While data categorization is a central theme in zero-trust for the data pillar and most important, it is an aspect of data management that is the foundation of various other domains including data governance, metadata management, data quality, privacy and compliance, etc., that companies have relied on to find, organize, track, integrate, and govern the enormous amount of data in their enterprises to achieve their business goals. 

    As expected, a growing capability of data categorization at federal agencies will be driven by the zero-trust vision and as zero-trust matures. Categorization, an underpin of the data management capabilities for any enterprise, will have a broad and in-depth impact into other areas of data management. 

    This is very exciting and in the upcoming years we will be seeing agencies’ increased ability in their overall data management capabilities, to enable their business processes, gain valuable insights into their data to make better use of them, meet regulatory requirements, and provide strategic inputs to achieve longer term business outcomes.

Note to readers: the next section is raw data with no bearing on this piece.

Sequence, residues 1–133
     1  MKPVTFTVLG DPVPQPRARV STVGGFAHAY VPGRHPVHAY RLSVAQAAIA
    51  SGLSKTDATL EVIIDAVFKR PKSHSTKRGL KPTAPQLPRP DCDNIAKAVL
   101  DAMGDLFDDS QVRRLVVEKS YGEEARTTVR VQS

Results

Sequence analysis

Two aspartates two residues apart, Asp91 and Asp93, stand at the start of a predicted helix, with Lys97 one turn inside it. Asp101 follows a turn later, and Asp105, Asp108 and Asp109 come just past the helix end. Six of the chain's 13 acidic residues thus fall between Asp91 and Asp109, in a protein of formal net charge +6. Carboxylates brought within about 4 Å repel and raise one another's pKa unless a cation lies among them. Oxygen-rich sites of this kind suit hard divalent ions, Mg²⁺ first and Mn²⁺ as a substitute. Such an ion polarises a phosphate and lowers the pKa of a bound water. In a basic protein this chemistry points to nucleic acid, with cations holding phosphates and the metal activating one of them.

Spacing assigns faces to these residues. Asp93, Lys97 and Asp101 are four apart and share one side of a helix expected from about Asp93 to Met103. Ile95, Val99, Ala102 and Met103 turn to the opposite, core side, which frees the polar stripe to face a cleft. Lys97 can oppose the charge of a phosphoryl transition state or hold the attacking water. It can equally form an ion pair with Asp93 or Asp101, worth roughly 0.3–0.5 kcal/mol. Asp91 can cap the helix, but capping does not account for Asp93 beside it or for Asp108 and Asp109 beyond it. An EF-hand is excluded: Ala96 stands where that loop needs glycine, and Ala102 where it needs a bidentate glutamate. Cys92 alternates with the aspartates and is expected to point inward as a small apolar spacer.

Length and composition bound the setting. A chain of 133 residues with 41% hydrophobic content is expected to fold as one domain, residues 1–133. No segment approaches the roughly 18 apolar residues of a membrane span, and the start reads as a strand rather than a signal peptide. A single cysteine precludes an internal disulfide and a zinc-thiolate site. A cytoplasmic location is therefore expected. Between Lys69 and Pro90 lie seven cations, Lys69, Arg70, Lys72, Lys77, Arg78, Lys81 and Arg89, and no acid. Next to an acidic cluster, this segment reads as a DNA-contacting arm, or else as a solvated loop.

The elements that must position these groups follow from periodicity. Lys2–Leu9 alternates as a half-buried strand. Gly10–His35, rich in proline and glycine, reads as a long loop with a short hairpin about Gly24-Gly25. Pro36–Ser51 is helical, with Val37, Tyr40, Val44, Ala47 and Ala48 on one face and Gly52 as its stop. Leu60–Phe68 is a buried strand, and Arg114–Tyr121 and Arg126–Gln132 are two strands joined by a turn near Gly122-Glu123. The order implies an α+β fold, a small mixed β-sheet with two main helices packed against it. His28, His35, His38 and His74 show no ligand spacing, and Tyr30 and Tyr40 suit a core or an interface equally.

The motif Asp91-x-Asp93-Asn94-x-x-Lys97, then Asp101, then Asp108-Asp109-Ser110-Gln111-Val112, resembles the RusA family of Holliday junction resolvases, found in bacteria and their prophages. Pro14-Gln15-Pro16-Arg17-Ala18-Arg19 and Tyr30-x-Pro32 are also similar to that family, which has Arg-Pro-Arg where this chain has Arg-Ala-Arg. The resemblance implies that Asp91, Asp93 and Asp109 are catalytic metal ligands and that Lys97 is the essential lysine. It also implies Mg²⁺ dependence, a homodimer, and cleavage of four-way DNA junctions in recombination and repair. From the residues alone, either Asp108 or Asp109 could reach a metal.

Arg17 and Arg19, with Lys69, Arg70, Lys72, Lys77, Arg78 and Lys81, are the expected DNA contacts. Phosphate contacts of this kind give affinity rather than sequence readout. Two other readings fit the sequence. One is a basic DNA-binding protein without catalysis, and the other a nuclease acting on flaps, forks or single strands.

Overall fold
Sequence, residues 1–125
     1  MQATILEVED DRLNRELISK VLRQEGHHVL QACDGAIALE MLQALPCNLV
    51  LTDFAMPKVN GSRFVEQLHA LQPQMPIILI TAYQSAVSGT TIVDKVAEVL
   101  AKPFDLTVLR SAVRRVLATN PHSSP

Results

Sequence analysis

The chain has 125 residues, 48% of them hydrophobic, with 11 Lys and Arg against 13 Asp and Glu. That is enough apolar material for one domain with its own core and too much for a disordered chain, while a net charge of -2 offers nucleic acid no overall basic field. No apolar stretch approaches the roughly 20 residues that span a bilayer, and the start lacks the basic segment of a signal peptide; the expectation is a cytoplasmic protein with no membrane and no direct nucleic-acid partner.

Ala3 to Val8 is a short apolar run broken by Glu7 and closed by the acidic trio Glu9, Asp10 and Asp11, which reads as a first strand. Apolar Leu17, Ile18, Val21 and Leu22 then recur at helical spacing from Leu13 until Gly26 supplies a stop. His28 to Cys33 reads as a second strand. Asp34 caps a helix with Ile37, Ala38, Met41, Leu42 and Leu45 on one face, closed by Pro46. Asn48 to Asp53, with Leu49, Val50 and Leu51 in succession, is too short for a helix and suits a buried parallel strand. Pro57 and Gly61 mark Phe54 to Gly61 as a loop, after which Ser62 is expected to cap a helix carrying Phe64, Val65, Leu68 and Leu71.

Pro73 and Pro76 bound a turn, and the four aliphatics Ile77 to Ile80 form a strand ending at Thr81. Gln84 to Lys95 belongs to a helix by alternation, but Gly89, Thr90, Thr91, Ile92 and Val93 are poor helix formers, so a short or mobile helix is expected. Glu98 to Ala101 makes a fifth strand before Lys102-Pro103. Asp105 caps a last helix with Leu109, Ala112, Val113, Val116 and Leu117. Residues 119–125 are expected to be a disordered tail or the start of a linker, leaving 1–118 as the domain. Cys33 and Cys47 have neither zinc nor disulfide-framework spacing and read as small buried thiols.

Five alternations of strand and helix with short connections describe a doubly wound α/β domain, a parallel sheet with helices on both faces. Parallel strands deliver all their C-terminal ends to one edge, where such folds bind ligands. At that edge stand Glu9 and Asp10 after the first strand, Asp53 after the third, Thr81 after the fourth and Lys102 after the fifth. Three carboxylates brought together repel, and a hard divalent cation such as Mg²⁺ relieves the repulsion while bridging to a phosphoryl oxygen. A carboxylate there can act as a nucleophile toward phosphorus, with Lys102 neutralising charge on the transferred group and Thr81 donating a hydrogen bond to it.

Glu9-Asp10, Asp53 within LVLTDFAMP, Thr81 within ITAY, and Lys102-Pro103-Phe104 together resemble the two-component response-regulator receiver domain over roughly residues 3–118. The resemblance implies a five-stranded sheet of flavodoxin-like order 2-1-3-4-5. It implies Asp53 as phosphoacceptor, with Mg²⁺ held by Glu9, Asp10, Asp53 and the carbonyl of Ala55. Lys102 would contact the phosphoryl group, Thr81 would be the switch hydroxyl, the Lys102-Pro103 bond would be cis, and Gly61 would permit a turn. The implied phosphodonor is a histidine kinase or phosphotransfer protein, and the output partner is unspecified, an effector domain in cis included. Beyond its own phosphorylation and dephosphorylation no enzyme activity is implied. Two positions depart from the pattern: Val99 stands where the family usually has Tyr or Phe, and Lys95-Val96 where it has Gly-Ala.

Collibra for Public Sector 

    With a zero-trust approach to data management as a mandate, data categorization is a critical capability that federal agencies are required to have. Federal agencies are well positioned to champion, adopt, and utilize data management solutions to the fullest extent possible while the federal government’s zero-trust vision will drive technology adoption and innovations beyond meeting the traditional business needs.  

    Collibra works closely with federal agency CDOs and CIOs to help them address their data management needs including data cataloging, governance, quality & observability, privacy and protection. In this journey, security has played an important role. Under the zero-trust initiative, security will carry even more significant weight in our joint pursuits. Collibra can help federal agencies become more effective data enterprises providing the data offices and CDOs with the ability to have a greater impact on security. 

    Zero-trust is a topic that is top of mind for many including us here at Collibra. In fact, we are planning a blog series to dive into this topic even more, so stay tuned. 

    Want to learn more about Collibra and how we help Public Sector?